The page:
Technology is developing into stronger, smarter, and smaller devices. In general, the trend is that devices do more and take up less space.
So it’s no surprise that hearing aids are no exception. Though hearing issues have many different causes, hearing issues are more common amongst older individuals, and the world’s population is getting older. According to the National Institutes of Health, approximately 37.5 million individuals and 3 million Canadians describe having difficulty hearing, and since age is a stronger predictor of hearing loss than any other demographic variable, that number is likely to go up.
If you’re dealing with hearing loss, that’s one person too many. Are there any better ways to manage hearing loss? Bring ‘em on! Innovations are happening, here are some.
Using Your Hearing Aid to Track Your Whole Body
This one seems as if it should be obvious. Devices that offer different kinds of health tracking are nearly always worn and have to be worn close to the body. So, if you’ve already got a device that’s in your ear… do you actually need a separate one on your wrist? Nope! If you have a newer hearing aid, it probably can keep track of your pulse, physical activity along with improving hearing issues like tinnitus. Certainly, a wearable like an Apple Watch can do that, but hearing aids can provide you with other kinds of input that can be helpful to tracking health, like how much time you spend having conversations or listening. How much social involvement you get can actually be a vital health metric, especially as you age.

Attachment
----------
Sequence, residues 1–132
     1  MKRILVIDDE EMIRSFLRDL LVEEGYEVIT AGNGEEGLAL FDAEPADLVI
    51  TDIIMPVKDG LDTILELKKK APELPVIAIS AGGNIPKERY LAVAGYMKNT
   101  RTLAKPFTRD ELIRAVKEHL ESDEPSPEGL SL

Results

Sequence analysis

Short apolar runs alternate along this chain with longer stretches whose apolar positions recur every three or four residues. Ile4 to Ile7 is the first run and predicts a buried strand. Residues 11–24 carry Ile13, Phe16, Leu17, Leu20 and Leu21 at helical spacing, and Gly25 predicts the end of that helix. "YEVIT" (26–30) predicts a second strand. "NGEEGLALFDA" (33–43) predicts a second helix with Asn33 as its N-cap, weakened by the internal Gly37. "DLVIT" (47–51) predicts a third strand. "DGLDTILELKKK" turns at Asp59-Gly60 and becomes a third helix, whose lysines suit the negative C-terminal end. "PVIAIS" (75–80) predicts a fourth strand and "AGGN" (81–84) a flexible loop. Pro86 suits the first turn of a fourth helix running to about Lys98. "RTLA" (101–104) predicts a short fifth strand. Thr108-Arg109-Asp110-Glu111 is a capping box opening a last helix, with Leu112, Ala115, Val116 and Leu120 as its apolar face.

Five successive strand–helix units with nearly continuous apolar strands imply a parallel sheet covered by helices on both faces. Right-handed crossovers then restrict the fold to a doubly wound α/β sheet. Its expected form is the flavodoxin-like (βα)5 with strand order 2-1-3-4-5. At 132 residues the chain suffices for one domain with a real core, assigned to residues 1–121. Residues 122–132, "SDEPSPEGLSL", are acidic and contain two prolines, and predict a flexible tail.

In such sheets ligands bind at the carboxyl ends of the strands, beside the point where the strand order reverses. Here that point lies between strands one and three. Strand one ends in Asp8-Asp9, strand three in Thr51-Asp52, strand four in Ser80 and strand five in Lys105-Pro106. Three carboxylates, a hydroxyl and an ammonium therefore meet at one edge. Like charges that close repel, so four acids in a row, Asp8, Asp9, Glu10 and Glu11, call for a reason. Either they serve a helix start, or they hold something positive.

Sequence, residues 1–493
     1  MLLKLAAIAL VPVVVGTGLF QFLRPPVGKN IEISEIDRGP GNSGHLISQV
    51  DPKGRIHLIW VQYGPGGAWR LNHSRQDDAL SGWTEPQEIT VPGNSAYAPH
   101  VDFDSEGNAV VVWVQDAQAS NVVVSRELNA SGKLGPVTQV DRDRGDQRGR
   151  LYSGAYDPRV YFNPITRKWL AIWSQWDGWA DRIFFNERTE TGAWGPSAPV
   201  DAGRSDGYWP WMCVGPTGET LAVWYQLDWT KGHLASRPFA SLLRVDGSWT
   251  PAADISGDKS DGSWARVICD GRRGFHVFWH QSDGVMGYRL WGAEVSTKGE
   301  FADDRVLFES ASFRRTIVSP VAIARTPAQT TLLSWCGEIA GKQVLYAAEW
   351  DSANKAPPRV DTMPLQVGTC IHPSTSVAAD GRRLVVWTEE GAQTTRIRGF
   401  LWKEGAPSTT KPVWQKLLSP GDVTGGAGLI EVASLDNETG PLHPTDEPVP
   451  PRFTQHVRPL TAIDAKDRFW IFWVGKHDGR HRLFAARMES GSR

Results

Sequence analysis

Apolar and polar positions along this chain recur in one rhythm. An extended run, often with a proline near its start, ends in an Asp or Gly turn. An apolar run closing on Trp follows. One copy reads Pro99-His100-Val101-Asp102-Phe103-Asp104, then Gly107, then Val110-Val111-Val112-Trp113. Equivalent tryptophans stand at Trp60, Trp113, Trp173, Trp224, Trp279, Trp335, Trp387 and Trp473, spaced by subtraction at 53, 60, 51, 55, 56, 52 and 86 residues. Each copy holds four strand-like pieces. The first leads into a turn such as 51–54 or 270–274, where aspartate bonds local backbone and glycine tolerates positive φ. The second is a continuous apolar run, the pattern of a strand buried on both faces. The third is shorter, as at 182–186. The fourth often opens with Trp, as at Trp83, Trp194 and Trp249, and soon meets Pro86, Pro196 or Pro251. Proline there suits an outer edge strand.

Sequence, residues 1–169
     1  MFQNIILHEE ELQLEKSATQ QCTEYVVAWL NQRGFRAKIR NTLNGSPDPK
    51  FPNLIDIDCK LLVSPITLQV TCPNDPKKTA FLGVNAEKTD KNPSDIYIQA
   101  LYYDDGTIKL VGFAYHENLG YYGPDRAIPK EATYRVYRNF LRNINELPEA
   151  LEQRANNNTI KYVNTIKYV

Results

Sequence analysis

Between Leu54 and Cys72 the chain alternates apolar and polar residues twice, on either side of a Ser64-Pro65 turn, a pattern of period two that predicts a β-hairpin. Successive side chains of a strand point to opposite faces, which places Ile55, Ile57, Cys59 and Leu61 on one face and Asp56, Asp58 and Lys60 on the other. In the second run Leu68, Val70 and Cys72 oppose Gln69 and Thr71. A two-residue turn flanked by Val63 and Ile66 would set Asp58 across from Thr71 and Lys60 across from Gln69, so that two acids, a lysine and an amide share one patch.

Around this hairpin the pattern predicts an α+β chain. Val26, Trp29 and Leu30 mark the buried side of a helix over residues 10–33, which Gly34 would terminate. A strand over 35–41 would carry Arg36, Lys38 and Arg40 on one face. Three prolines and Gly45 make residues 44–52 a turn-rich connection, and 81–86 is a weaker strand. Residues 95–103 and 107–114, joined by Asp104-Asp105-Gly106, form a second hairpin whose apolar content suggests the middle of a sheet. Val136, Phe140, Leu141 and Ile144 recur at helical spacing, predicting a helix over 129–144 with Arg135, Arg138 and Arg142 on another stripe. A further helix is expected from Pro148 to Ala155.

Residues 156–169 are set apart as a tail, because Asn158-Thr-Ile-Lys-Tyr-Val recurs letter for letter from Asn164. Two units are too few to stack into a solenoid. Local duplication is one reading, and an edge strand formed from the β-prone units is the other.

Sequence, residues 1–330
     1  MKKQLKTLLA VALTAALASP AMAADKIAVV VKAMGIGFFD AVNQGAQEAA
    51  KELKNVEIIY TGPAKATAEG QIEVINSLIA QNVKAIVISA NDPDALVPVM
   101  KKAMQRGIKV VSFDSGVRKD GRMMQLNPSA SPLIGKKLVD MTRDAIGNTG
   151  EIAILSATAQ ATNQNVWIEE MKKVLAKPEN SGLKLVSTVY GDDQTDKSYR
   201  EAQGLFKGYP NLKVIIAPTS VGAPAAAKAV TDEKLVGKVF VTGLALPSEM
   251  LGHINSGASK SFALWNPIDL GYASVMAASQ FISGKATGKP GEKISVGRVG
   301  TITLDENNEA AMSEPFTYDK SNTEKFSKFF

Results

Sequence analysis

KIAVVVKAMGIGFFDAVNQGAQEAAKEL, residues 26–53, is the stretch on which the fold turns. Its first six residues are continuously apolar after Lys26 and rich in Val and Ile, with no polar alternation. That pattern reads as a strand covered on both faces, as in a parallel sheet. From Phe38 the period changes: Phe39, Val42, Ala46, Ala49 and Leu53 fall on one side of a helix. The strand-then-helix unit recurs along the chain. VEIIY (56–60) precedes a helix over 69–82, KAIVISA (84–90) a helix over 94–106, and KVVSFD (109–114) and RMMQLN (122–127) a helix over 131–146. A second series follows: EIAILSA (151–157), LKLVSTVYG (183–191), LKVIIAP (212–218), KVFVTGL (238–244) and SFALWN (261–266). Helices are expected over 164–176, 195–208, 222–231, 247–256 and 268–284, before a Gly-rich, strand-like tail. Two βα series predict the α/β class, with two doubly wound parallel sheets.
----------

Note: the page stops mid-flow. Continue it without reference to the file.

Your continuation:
Better Streaming Straight to You
Virtual assistants like Alexa and Siri have smoothly moved from smartphones to in-home devices and the principal focus here is connectivity. Audio from a device, such as a smart TV can now be streamed directly to your hearing aid if it is Bluetooth compatible. Google published open-source specifications for Android developers that show them how to use specific channels within Bluetooth to provide uninterrupted audio straight to hearing aids. This technology is making things like music and movies more satisfying by acting like super-powered wireless headphones.
Smart Adjustments From Big Data
Your next hearing aid may make personalized recommendations much like how a Fitbit informs you of fitness goals or how Netflix suggests your next movie in line with your viewing trend. The places you visit and the adjustments you make will allow these new hearing aids, being developed by a few companies, to learn your habits. Some go as far as to crowdsource information about people’s usage habits, making it anonymous then aggregating it. So whether you’re watching TV at home, or in an IMAX theater, your hearing aids will be able to use this information to know what your situation is and make adjustments to provide you with the best audio experience.
Finally Ditching The Batteries
Ya, it sounds too good to be true, hearing aids that don’t need batteries? It can be really inconvenient making sure you have extra batteries or that your hearing aids are completely charged. While a hearing aid that doesn’t take any batteries at all might seem like wishful thinking, rechargeable battery technology continues to improve. That means longer time in use, faster recharging, and less worrying about batteries, overall, not too bad.